We drew quite a crowd. "Are you OK?" a man on the riverbank shouted. I gave a thumbs up and Lee assured him that we were fine. I don't think the fellow believed us and proceeded to explain why we clearly could not be fine.

Lee noted that the airflow in the gorge was carrying us toward the west bank of the river. We gained altitude momentarily to catch enough of the prevailing northwesterly wind to push us back toward the center of the river before descending again for another "splash and go" near the edge of Middle Falls.

"Ever hear about going over the falls in a barrel? How about a basket?" Lee asked.

And over we went, while camera flashes twinkled from the bluff overlooking the falls.

Middle Falls from a very unusual perspective

Then Lee put the coals to the balloon and we climbed steadily out of the canyon.

Back in the northwesterly wind, we left Letchworth behind and floated to the southeast over farm country. While skimming tree tops, Lee snagged some maple "helicopter" seeds and presented them to The Bear.

Lee and Lance coordinated to find a suitable landing site. The owner of the farm was thrilled to have us, indicating that ten years had passed since a balloon last landed on his property. To reach the yard, Lee needed to navigate around a stand of trees. Below tree top level, the wind pushed us toward the east, above tree top level, the wind pushed us in a more southerly direction. By working the balloon's altitude alternately higher and lower, Lee was able to track around the trees and zig-zag southeast toward the yard. He described the technique as being like tacking a sailboat, which I thought was particularly apt. 

For us, this was the flight of a lifetime and allowed us to explore one of our favorite local landmarks from the air in a manner that we could never accomplish by airplane. It may be tempting to describe this sort of flying as an art. In some ways, it is, but that is misleading. Our pilot demonstrated significant knowledge and skill. As Lee said to me while lining up on the landing field, "Using ailerons and rudder is just cheating."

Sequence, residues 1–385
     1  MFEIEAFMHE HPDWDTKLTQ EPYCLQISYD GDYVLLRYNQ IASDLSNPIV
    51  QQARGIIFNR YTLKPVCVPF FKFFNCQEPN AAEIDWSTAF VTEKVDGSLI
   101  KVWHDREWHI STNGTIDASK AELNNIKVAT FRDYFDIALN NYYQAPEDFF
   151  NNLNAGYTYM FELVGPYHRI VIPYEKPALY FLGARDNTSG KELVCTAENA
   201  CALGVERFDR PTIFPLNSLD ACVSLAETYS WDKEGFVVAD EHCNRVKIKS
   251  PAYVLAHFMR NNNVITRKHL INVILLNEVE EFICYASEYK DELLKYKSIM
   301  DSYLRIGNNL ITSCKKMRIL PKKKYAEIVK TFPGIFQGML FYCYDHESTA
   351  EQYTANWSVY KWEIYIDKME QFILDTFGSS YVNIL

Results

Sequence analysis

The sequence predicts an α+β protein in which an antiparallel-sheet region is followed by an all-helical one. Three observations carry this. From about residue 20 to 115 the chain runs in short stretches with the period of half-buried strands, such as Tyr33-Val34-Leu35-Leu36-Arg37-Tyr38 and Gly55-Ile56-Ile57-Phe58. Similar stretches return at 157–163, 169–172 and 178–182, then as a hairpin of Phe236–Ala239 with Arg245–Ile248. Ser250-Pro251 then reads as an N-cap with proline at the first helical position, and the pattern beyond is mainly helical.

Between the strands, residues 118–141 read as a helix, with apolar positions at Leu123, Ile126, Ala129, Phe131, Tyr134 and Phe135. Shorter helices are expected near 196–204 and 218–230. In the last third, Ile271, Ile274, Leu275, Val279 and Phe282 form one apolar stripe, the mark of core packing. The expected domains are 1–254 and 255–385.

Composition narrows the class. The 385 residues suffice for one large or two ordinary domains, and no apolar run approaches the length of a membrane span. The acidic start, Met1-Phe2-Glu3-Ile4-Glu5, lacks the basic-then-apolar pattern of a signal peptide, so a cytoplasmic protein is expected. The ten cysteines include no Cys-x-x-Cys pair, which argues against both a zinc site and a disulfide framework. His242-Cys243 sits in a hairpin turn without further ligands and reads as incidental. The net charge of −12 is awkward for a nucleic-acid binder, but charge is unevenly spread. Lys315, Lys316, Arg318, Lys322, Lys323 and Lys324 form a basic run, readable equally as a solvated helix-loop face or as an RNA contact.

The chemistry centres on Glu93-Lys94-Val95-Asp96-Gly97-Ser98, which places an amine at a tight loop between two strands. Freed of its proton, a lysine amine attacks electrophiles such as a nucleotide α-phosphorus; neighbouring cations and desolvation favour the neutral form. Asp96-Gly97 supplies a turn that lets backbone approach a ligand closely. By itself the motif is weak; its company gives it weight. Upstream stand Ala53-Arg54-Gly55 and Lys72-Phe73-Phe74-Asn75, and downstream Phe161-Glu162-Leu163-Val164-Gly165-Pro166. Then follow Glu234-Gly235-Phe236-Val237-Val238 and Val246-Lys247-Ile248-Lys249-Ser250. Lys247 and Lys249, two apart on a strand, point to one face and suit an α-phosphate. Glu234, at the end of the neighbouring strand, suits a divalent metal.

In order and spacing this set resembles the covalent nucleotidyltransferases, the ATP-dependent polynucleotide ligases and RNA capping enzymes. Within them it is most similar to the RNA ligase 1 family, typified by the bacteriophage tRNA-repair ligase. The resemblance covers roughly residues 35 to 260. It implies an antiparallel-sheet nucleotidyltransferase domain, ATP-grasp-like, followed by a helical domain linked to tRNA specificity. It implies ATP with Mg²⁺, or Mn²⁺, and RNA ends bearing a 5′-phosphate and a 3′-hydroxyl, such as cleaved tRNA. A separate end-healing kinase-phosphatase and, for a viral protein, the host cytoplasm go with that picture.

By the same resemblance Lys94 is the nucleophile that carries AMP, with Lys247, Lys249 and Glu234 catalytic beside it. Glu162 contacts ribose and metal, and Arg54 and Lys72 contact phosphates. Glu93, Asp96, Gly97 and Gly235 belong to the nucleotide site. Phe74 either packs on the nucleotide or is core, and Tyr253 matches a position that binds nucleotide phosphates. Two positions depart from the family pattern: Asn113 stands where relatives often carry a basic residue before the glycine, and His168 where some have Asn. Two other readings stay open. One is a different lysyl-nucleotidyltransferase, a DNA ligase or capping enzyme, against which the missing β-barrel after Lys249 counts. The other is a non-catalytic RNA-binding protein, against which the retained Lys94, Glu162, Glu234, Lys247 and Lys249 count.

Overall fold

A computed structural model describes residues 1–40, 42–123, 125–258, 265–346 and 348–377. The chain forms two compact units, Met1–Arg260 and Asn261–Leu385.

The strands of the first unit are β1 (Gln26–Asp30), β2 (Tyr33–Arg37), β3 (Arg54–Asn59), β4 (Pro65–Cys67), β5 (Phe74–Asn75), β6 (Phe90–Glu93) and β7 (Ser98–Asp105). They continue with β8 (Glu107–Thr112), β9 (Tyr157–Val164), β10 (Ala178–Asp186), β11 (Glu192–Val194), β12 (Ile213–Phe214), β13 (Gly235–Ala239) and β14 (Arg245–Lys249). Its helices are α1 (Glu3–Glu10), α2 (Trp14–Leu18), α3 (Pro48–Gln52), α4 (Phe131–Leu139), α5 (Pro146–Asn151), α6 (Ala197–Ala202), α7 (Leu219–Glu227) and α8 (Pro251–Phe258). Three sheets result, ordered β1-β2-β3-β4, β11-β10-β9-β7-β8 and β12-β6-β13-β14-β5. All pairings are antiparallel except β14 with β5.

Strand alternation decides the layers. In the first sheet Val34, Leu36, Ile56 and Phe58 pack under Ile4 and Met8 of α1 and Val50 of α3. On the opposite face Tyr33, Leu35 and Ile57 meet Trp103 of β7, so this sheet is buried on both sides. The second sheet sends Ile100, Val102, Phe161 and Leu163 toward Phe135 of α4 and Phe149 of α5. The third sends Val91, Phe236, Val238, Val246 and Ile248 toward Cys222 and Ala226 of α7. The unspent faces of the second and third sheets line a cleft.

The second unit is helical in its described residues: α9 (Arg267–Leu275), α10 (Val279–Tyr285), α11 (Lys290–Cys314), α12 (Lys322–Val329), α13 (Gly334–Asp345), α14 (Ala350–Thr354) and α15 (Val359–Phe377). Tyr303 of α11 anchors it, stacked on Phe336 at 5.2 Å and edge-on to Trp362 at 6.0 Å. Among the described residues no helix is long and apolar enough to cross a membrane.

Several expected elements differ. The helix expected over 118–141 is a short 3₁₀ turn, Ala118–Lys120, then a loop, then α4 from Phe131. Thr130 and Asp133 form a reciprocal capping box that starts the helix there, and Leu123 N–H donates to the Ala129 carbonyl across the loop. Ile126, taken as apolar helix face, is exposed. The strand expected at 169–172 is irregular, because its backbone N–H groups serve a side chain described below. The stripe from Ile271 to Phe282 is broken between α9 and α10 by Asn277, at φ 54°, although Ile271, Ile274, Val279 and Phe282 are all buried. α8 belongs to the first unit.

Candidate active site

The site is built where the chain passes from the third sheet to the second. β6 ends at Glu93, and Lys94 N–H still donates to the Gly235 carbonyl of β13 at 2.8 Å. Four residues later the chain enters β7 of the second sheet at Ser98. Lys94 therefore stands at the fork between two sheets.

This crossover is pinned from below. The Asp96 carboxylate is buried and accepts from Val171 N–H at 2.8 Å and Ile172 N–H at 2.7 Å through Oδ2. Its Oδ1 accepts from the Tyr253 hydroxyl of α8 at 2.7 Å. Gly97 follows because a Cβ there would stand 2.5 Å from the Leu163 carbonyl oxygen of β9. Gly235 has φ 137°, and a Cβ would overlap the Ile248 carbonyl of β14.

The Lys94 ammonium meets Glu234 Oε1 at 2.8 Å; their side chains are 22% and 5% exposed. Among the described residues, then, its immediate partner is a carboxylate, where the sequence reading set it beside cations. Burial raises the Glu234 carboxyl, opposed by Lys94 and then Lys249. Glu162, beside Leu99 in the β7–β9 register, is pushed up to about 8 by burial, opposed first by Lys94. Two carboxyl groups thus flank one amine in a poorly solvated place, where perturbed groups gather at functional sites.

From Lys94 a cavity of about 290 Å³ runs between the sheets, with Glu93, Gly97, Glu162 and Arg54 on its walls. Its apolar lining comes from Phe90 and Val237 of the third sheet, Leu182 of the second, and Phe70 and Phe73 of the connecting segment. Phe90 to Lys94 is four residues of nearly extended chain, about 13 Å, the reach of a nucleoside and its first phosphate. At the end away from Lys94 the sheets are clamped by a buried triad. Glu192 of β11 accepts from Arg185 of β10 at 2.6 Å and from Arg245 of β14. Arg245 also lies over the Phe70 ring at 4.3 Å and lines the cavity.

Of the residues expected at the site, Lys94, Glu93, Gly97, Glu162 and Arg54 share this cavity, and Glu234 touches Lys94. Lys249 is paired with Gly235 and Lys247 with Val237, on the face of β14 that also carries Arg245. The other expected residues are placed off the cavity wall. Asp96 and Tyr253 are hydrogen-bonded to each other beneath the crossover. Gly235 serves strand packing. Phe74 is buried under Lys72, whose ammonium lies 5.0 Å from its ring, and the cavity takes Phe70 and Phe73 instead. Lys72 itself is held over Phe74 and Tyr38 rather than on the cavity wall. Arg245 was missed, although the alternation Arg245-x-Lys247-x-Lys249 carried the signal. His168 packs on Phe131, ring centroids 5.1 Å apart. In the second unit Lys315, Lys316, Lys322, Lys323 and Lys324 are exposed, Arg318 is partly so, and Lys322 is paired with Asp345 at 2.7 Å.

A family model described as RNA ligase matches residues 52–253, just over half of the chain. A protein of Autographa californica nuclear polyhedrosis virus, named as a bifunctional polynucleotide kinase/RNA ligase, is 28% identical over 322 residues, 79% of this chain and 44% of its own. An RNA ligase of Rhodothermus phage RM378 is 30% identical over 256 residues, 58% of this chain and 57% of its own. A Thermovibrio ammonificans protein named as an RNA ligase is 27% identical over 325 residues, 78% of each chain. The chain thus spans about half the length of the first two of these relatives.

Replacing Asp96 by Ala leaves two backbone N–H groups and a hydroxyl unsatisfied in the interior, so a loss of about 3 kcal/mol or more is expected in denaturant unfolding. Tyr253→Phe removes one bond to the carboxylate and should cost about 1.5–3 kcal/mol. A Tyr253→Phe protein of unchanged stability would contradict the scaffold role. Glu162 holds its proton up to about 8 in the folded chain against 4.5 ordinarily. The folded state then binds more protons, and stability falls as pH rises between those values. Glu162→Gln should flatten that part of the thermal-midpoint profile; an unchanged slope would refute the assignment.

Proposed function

For anyone local to Rochester interested in a balloon flight, I highly recommend Liberty Balloon Company. Lee and Lance not only know their craft well, but they made sure that everyone had a wonderful experience.

Sometimes, you just gotta fly 1783 style!

Too Close for Comfort

A Beautiful Day Not To Look Out the Window

Date Aircraft Route of Flight Time (hrs) Total (hrs)
30 Jul 2017 N21481 SDC (Sodus, NY) - ROC (Rochester, NY) - 5G0 (Le Roy, NY) - SDC 2.3 1673.5

"Cherokee Four Eight One, five miles from SUUSA, maintain VFR, cleared for the ILS-28 approach, contact Tower one one eight point three."

It was a perfectly beautiful morning, but I could see only the Warrior's instrument panel owing to the Foggles that I was wearing. Rather than looking outside, I was chasing phantom paths through the sky, riding invisible radio beams and tracking courses synthesized within the electronic brain of the ship's GPS.

A few days before, I polled a group of friends in hopes of finding a safety pilot, someone to look outside while I practiced some instrument approaches and was unable to watch for traffic. It was my good fortune to get two takers, Jamie and Tom. Both are relatively recently certificated pilots, but meticulously careful and responsible. Not only did they enable me to get some instrument practice, but they got an introduction to what IFR flying (at least approach-phase IFR flying) is all about.

Ground track courtesy of FlightAware

"What's the Frequency, Kenneth?"

How did I do? I give myself a C+.